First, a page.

She would also always have sugar cereals for me when I would come to visit which were verboten at home.


                            1. My grandmother was a plain simple good cook, but the 2 things I miss are really simple. She baked her rice and it always had a perfect stickiness w/ just the right amount of crust for us cousins to fight over at the bottom of the enamel pot she cooked it in. Also her parsley soup which I think was a peasant type soup for days when there was not much around- a white roux based soup w/ tons of parsley from her Gruenzeug (greenstuff) patch.

                              1. My grandma just passed away this year and oh how I miss our conversations about cooking. We talked often and most of our conversation the last few years focused on food. She made a hearty split pea and ham soup using a portion of bone in smoked picnic shoulder. My husband loved it so much that he requested I try to replicate it at home. I've tried, and although mine is pretty good, it's not as thick as hers. The recipe is similar to the one in The Best Recipe, but she didn't put vinegar in hers and she didn't sautee any of the vegetables she put in. She also added dumplings- just a mixture of flour and egg scraped off a wooden spoon into the soup as it simmered. It was a big deal to me as a kid to help her drop those dumplings into the soup. Here's the other dish of hers I really miss: She would steam two heads of broccoli or cauliflower, put one of the heads, chopped up, into a blender along with some butter, milk, and sugar, and puree, then pour the sauce on top of the rest of the vegetable. When I started making turkey for Thanksgiving, she was on me to use one of those Glad roasting bags. She insisted that she'd roasted turkey every which way and this was the best way to get a moist turkey. Maybe not a pretty turkey but a moist one. And she did make a moist turkey. I was too busy brining and turning, etc. etc. I think this year I'll have to try it her way.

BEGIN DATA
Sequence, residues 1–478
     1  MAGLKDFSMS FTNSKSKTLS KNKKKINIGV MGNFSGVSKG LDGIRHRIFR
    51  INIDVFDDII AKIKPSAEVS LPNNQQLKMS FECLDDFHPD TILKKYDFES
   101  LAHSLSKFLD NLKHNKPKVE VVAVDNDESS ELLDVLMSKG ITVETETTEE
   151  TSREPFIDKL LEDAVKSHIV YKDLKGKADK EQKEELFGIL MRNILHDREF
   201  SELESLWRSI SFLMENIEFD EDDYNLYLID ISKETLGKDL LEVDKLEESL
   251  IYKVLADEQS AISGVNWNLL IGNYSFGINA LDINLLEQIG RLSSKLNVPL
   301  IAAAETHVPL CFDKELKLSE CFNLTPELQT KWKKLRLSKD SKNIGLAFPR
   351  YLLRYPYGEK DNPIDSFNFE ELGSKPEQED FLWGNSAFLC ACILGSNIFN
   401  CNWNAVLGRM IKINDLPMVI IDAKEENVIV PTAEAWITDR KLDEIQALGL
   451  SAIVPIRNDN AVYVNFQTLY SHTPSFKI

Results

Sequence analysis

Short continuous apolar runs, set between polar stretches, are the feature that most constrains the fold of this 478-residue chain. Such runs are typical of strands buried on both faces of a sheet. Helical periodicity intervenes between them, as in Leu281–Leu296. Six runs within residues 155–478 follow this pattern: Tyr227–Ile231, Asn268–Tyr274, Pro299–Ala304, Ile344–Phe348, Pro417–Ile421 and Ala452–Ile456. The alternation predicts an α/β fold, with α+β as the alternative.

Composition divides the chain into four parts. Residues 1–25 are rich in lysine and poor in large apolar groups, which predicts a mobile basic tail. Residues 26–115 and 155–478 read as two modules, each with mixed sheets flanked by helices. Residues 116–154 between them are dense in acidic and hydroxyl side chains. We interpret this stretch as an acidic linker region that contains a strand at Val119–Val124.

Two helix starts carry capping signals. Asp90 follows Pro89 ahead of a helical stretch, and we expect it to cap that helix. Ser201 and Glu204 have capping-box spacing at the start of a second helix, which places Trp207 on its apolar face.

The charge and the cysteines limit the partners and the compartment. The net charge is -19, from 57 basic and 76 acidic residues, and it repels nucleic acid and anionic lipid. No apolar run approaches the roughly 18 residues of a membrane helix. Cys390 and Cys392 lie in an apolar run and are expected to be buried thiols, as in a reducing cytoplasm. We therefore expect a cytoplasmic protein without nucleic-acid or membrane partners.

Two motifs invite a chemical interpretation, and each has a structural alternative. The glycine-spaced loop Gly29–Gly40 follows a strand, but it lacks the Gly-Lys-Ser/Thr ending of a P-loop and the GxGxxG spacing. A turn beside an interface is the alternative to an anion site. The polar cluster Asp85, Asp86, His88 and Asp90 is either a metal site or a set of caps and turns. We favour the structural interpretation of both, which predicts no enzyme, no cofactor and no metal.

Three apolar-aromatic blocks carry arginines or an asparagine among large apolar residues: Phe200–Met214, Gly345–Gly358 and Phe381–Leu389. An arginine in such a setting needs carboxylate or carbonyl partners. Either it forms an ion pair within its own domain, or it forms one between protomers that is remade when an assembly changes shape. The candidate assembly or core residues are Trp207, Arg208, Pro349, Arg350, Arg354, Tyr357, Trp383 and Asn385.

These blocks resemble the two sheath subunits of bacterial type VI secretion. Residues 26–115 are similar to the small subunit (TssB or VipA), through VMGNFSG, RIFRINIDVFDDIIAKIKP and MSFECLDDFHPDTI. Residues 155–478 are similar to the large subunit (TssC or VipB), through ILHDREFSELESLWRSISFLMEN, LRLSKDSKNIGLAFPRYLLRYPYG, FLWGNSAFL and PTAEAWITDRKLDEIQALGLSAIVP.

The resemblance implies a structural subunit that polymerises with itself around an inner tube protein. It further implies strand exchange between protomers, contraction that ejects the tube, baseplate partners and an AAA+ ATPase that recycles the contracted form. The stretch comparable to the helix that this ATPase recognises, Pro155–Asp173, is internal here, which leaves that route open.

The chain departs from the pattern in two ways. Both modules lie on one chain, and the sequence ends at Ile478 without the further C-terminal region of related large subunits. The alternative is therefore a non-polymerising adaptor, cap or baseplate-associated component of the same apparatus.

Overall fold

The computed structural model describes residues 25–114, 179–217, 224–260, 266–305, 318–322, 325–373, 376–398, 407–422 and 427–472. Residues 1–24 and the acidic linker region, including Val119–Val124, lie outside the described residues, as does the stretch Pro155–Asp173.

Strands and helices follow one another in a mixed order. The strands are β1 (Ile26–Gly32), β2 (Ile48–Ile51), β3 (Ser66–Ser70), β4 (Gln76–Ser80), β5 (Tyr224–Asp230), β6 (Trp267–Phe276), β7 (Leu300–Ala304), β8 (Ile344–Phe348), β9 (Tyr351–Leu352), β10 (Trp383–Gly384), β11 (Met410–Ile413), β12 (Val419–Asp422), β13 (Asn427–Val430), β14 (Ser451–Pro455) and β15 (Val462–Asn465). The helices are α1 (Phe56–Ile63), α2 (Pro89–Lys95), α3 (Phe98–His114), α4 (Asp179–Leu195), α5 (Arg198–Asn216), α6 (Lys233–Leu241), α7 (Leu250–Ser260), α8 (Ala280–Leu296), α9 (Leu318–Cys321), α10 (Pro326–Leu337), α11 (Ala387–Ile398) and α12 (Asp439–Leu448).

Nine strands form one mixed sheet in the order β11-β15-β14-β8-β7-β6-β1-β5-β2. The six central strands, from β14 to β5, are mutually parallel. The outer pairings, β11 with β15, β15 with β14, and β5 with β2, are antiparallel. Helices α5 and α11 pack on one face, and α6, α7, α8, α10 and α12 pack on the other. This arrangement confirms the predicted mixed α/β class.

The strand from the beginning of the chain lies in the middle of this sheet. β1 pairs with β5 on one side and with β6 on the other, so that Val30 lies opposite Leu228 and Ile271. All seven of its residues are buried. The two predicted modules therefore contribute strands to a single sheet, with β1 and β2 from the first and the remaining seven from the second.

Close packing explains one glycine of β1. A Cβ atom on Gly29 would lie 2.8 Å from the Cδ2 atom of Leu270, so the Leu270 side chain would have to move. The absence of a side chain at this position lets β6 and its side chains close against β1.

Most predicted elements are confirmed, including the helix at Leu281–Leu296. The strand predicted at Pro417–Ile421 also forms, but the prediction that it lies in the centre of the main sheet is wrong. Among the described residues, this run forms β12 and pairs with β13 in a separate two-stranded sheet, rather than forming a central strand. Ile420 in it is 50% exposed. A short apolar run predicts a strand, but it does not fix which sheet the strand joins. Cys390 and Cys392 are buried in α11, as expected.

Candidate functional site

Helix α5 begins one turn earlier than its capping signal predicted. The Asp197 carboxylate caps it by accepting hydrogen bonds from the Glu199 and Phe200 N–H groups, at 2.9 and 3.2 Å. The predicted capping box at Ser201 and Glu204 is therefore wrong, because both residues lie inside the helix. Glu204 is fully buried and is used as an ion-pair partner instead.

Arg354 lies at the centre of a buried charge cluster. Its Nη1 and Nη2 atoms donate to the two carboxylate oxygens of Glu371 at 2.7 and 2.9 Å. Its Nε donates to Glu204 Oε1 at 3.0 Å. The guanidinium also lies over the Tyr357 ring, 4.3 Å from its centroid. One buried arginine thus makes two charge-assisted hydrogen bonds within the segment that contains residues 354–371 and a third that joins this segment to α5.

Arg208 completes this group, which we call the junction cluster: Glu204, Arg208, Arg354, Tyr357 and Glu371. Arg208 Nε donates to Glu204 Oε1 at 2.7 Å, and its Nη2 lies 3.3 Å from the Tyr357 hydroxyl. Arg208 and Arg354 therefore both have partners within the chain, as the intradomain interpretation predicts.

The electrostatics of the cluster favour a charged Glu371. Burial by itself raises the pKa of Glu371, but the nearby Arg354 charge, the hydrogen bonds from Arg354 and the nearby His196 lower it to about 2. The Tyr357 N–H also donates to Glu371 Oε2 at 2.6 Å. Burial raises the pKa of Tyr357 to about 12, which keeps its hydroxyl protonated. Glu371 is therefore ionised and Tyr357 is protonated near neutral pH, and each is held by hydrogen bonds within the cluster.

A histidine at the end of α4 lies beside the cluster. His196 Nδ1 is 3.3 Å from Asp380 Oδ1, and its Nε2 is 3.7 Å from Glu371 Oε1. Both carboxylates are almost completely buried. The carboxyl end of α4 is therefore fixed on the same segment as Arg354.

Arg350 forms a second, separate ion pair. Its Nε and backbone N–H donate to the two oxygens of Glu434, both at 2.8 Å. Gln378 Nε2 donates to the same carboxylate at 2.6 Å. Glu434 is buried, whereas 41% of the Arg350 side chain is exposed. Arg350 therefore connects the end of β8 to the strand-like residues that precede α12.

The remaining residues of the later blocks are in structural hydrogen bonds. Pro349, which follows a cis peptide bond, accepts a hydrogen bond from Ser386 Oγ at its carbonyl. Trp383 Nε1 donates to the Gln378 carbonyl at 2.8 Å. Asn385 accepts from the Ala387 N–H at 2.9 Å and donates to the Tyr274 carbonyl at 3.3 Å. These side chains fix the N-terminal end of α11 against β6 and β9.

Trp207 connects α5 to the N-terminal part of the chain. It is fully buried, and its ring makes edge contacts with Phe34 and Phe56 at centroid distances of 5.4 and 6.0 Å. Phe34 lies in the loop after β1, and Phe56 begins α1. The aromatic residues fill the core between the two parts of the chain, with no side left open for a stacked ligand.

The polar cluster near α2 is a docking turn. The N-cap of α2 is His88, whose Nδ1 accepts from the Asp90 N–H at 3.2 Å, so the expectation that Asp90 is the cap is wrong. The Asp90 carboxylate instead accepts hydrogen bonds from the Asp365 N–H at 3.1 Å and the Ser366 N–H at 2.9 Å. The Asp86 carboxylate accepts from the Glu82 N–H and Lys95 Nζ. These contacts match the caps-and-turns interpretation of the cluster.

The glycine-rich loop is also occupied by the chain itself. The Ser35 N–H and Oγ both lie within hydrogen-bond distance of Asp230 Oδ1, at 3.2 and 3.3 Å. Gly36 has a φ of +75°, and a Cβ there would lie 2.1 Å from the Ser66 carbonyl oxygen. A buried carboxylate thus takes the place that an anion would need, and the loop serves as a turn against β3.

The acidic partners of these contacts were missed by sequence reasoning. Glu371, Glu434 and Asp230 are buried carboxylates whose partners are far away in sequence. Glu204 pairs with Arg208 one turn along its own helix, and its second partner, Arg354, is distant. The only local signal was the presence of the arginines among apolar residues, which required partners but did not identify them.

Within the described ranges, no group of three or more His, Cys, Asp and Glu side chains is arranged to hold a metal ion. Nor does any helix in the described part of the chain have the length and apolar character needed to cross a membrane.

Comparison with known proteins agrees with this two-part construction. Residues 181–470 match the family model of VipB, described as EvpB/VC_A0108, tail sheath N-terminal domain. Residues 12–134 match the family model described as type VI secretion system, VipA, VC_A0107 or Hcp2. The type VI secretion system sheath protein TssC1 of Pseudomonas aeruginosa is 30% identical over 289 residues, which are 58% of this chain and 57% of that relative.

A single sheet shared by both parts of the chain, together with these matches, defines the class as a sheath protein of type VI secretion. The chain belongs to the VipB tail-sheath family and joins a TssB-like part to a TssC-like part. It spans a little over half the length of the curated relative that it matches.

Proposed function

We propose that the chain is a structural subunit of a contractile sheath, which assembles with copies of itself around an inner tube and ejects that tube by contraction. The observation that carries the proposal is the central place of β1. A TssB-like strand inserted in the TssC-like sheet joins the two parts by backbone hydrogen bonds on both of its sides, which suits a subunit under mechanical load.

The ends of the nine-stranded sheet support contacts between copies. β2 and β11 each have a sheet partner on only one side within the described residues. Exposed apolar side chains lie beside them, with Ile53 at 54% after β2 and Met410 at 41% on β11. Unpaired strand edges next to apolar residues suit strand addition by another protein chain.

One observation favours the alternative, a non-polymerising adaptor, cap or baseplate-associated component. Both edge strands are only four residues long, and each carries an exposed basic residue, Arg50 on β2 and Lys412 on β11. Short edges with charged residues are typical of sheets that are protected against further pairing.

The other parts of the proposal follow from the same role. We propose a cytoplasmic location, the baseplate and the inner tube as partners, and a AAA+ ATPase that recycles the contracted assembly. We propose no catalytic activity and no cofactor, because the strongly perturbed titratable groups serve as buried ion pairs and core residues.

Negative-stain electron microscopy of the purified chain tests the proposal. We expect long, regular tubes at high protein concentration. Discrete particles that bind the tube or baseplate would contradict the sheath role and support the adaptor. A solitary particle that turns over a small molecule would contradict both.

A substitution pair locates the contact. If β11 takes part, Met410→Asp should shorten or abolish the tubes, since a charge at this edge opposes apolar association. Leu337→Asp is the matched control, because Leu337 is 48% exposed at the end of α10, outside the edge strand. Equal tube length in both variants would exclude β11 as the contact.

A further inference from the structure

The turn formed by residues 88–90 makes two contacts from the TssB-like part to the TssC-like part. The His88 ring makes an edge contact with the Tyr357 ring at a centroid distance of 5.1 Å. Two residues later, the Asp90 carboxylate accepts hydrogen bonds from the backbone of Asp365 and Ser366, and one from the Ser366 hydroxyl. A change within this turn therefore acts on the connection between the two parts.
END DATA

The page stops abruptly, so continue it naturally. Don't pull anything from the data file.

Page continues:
1. For me it's my paternal grandma who was the excellent cook (maternal, NOT). She passed in 1996, but I am happy to say that I was able to have conversations and write down approximations of some of our favorites: her potato salad and her pies (apple, banana cream, cherry).

                                  I have become the official potato salad maker of the family, no one else quite having got it. I tell them all that I "channel Betty" -- making her potato salad has become almost a spiritual activity for me.

                                  1. My aunt and my mom make the best chicken soup in town, but you could apply this trick to almost every kind of chicken or beef soup. You often start those soups by cooking the vegetables in the pan in either, or both, butter or olive oil. They use little bits of bacon instead. It adds another kind of flavor and I guarantee you that people will notice immediatly!

                                    1. Howboy, i'm glad you posted this. It made me think of several things I need to make sure I have the recipe for. My grandmother will be 99 in a couple of weeks. BTW, she was a Johnson also (pre-marriage).

                                      Cold Oven Pound Cake. Delicious, 1/4 inch crust on top, and a delicate, fine grained texture.

                                      Butterscotch Slices. Small, crisp cookies that were ALWAYS in the cookie jar when MaMa was a little younger.

                                      Biscuits. Just self-rising flour, milk, Crisco, and magic. None of us can make those things. They are etherial. I need to ask her if she (or her mother) ever made them with lard, or if they were made from butter before the days of Crisco. Transfat may be evil, but it doesn't taste that way.

                                      Pecan Kisses. Beat an egg white until frothy, then beat in brown sugar, but stop just around the time it starts to become opaque. Toss in pecans, and then pick them out individually with two forks and but on a baking sheet. MaMa's notes say "this is tedious". Bake then up, and you have slighty sweet addictive little bites.